Ex-Ironton golfers at Ohio Amateur
Published 10:41 am Wednesday, July 13, 2011
KETTERING, (AP) — Every time Kevin Miller stood over a putt, the result was the same.
Off the green, from short range or from another area code, the ball always found the cup.
The Kent State junior shot a late 6-under 65 on Tuesday to forge a three-stroke lead at the 105th Ohio Amateur golf championship, with defending champion Michael Bernard adding one of the few subpar rounds at NCR Country Club.
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Ironton’s Nathan Kerns has a 75 and Tony Brown has an 82. Nathan will be a junior at Marshall. Tony is a former NAIA All-American for Shawnee State. Both played at Ironton High School.
Miller — who said his closest friends and Golden Flashes teammates know him for his accuracy off the tee and with irons — was stupefied as anyone by his career putting day.
“I was making everything,” said the Sugarcreek native, a state medalist on two state championship teams at Garaway High School. “My putter was red hot. I was making everything I looked at, even a couple of 30-foot-plus putts. That really helps.”
It got so that even Miller’s two playing partners were dumbstruck.
“They didn’t say much,” he said with a grin. “They were pretty much shocked.”
The hot and humid day started with little fanfare. Miller chipped in from 5 feet off the green on the second hole, but then made what he termed a sloppy bogey when he failed to get up and down at the third hole. But then he birdied the next three holes in typical fashion, nothing out of this world, before rolling in a 40-footer for birdie from the back of the green at the par-3 eighth hole as he turned in 32. He also birdied both par-3s on the back side, including a 35-foot bomb at the 15th.
The 65 matched the lowest round he’d ever shot, in the 2010 Ohio Publinx at Cook’s Creek just south of Columbus.
So beyond the pale was Miller’s putting that he was able to joke about it.
“I’m a pretty solid putter — but I usually don’t make my lag putts like I did a few times today,” he cracked.
Miller teed off in one of the final groups of the day after most of the top scores had already been recorded in the 144-player field.
Ashland University’s Jay Overy and Ohio State’s Logan Jones shot 68s and were tied for second.
Overy, a Grafton native who will be a senior at Ashland, came right out the gate to birdie the first two holes in a 68 that held the lead until Jones matched him later in the opening wave. Jones, who will be a sophomore at Ohio State, is from Dublin.
“I’ve been playing pretty well this summer. I haven’t played in a lot of tournaments, but I’ve been hitting the ball good,” Overy said. “I was struggling a little bit with my swing the past week but I figured by now it would come around. I just went out with a ‘see what happens’ kind of an attitude and it worked out pretty well today.”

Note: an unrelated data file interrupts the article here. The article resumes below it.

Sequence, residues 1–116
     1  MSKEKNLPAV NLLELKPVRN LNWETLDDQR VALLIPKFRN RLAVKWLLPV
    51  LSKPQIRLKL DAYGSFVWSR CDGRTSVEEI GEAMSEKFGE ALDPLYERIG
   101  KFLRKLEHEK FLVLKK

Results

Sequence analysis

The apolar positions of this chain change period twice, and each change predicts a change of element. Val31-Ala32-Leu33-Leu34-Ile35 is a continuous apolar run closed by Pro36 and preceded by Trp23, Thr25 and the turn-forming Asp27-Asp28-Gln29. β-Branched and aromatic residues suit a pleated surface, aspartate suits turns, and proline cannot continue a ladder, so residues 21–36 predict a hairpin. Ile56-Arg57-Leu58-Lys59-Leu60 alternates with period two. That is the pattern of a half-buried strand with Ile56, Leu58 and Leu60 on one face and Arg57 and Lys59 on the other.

Jones’ round was built around four birdies in a span of five holes, with a par at the eighth hole bookended on each side by birdies.
He said he felt ready to make a run at the lead.
“In previous years I may have thought I just want to make the cut, but this year I prepared really hard,” said Jones, playing in just his second Amateur. “I had that in the back of my mind. So I thought, if I’m the most prepared guy out here, then I have a really good chance of winning. I was more just trying to get lost in the details of the golf course and trying to play the course and not worry about winning or my score.”
Korey Ward of West Chester, who will be a freshman at Xavier, came next with a 69.
He didn’t have the opportunity to practice on the difficult course, which hosted the 1969 PGA Championship won by Ray Floyd.
“I was driving back from Virginia 10 1/2 hours,” Ward said. “I was in the Eastern Am. And so I just drove back yesterday and today I played.”
Bernard became the youngest player to win the event a year ago as a 16-year-old at Kirtland Country Club. He matched Wright State golf coach Pete Samborsky at 70.
“That’s definitely a good start, said the senior-to-be at Wayne High School in Huber Heights. “I hadn’t been playing too great in tournaments lately. I think I have been putting a little too much pressure on myself. I just went out with the attitude today that I’m just going to try and relax and not really care about what happens. I did a good job of that. I felt comfortable out there.”
Past champions Robert Gerwin II (73) and Andy Montooth (75) remained in contention.
The 72-hole medal-play tournament continues through Friday, with the field cut to the low 60 and ties after the second round and the low 40 and ties heading into the final round.